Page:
The scans that were done on September 21 showed a lymph node in my abdomen that has swollen to 1.4cm (just over ½ inch). Dr. Chou believes that the lymph node is just inflamed from the chemotherapy, but the rest of the team is not as optimistic. They say that it is very likely malignant tumor growth. To try and figure out which it is, they have put me on a new chemotherapy regimen. The new chemo will not be as hard on my stomach, so any inflammation that the old chemo caused should be gone with the next set of scans. If it is malignant tumor growth, the fact that it is there means that it had become resistant to the chemo that I was taking, and the new chemo will have a better chance of controlling its growth. Regardless, through trial and error, the next set of scans should provide valuable information.
There is an option to surgically remove the suspect lymph node, especially since it appears to be a localized occurrence. Of course, I am still waiting on the 8h9 monoclonal antibody clinical trial to start, which will required a surgical implant of the antibody. Because the trial should begin in the next few weeks, (hopefully not months), if I decide to have it removed, I will wait and have it removed at the beginning of the trial. I just don’t want the risk of an additional surgery, when I have a planned surgery coming up soon.
The surgery that was planned for September 22 to replace the line in my chest was delayed until September 25. By delaying the surgery, I was able to get a mediport in place of the central line that I had. They perform essentially the same function, but the mediport is implanted below the skin, which allows me to take a shower and swim. With the old line, I couldn’t swim at all, to shower I had to wrap my chest in plastic, and Marissa had to change my bandages at least once a week in addition to daily flushes with heparin. Needless to say, I am very excited about having the mediport. I am still having an unusual amount of pain in my neck and shoulder from the surgery, but hopefully it will be gone in a few days.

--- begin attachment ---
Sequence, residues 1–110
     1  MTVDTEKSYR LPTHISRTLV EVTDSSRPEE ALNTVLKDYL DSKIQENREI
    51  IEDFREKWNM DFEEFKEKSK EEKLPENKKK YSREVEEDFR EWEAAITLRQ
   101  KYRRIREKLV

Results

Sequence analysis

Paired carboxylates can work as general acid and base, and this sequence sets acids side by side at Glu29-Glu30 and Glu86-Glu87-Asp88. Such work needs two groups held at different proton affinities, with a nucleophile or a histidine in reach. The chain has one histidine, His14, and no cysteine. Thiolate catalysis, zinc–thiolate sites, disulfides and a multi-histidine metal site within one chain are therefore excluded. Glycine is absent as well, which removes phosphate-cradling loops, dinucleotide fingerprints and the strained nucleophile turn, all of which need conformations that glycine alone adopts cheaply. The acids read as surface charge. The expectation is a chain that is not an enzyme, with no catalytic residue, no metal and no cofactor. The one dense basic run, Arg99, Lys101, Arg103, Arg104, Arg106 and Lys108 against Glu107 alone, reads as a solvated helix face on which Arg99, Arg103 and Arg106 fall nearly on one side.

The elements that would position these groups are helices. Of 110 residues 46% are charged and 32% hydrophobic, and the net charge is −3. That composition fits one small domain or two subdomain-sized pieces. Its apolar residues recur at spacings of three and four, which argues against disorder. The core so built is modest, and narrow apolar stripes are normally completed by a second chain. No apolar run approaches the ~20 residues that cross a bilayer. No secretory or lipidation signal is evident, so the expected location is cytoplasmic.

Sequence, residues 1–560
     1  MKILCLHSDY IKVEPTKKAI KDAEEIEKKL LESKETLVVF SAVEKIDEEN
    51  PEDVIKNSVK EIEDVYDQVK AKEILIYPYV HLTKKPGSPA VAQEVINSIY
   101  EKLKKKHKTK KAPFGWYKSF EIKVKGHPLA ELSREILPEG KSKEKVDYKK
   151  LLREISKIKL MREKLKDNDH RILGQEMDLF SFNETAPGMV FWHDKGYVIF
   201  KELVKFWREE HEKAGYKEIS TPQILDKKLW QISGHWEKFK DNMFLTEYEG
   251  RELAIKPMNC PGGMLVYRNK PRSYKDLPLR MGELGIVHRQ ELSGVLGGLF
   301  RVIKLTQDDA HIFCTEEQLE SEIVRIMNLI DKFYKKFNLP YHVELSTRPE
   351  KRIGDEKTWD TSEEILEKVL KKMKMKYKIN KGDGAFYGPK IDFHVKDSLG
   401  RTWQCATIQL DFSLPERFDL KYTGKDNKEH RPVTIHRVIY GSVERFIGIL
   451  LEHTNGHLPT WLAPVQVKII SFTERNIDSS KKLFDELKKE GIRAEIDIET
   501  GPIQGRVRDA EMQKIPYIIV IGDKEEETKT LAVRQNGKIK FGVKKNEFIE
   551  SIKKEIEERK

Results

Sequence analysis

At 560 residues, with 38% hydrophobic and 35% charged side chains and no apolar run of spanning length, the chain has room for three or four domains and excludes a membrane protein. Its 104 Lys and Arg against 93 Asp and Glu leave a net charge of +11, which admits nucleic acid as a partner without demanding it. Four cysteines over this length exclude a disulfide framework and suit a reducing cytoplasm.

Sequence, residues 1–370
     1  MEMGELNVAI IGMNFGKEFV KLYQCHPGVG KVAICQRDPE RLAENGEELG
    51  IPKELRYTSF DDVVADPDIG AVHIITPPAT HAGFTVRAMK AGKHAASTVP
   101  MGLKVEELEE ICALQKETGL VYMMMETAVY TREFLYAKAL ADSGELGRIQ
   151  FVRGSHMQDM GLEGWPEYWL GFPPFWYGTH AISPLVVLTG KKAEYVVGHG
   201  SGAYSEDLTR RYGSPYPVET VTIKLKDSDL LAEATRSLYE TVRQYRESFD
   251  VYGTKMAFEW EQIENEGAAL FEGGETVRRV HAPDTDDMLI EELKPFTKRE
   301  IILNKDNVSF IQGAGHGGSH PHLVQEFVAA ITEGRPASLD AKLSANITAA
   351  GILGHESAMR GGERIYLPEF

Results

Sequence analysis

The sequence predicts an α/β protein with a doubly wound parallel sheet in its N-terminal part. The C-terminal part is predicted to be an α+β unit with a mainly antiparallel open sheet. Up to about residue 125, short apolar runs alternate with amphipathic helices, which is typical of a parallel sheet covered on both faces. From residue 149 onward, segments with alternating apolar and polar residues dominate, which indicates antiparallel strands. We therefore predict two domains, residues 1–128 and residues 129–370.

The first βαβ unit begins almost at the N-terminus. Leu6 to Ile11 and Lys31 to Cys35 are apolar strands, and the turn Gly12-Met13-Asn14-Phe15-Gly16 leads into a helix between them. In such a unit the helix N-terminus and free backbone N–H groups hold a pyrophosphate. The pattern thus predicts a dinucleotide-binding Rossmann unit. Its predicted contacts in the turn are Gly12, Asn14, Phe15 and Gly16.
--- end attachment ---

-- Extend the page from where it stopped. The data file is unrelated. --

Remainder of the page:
I am also excited about my new chemo. I know that sounds a little weird, but let me explain. I will be taking two drugs, Vinorelbine and Cyclophosphamide. The Vinorelbine is given just once per week, for three weeks, then one week off. The drug is administered via IV push, which means that it is from a syringe and the nurse just pushes it in slowly over 10 minutes. The Cyclophosphamide is just a pill that I take at home every day. Not being at the hospital all day every day is very exciting. This new chemo is also supposed to be very mild, so side effects should be very tolerable. Also, if necessary, this combination can be taken for as much as two years.
I was supposed to start the chemo on Monday, October 5, but my white blood cell count is too low. They are delaying me another week to recover. Hopefully they will come up soon and I can start the new chemo on Monday, October 12.
As always, thanks for all of the prayers, and thanks for your support at the SL100 tailgate fundraiser Friday night at the DCHS football game.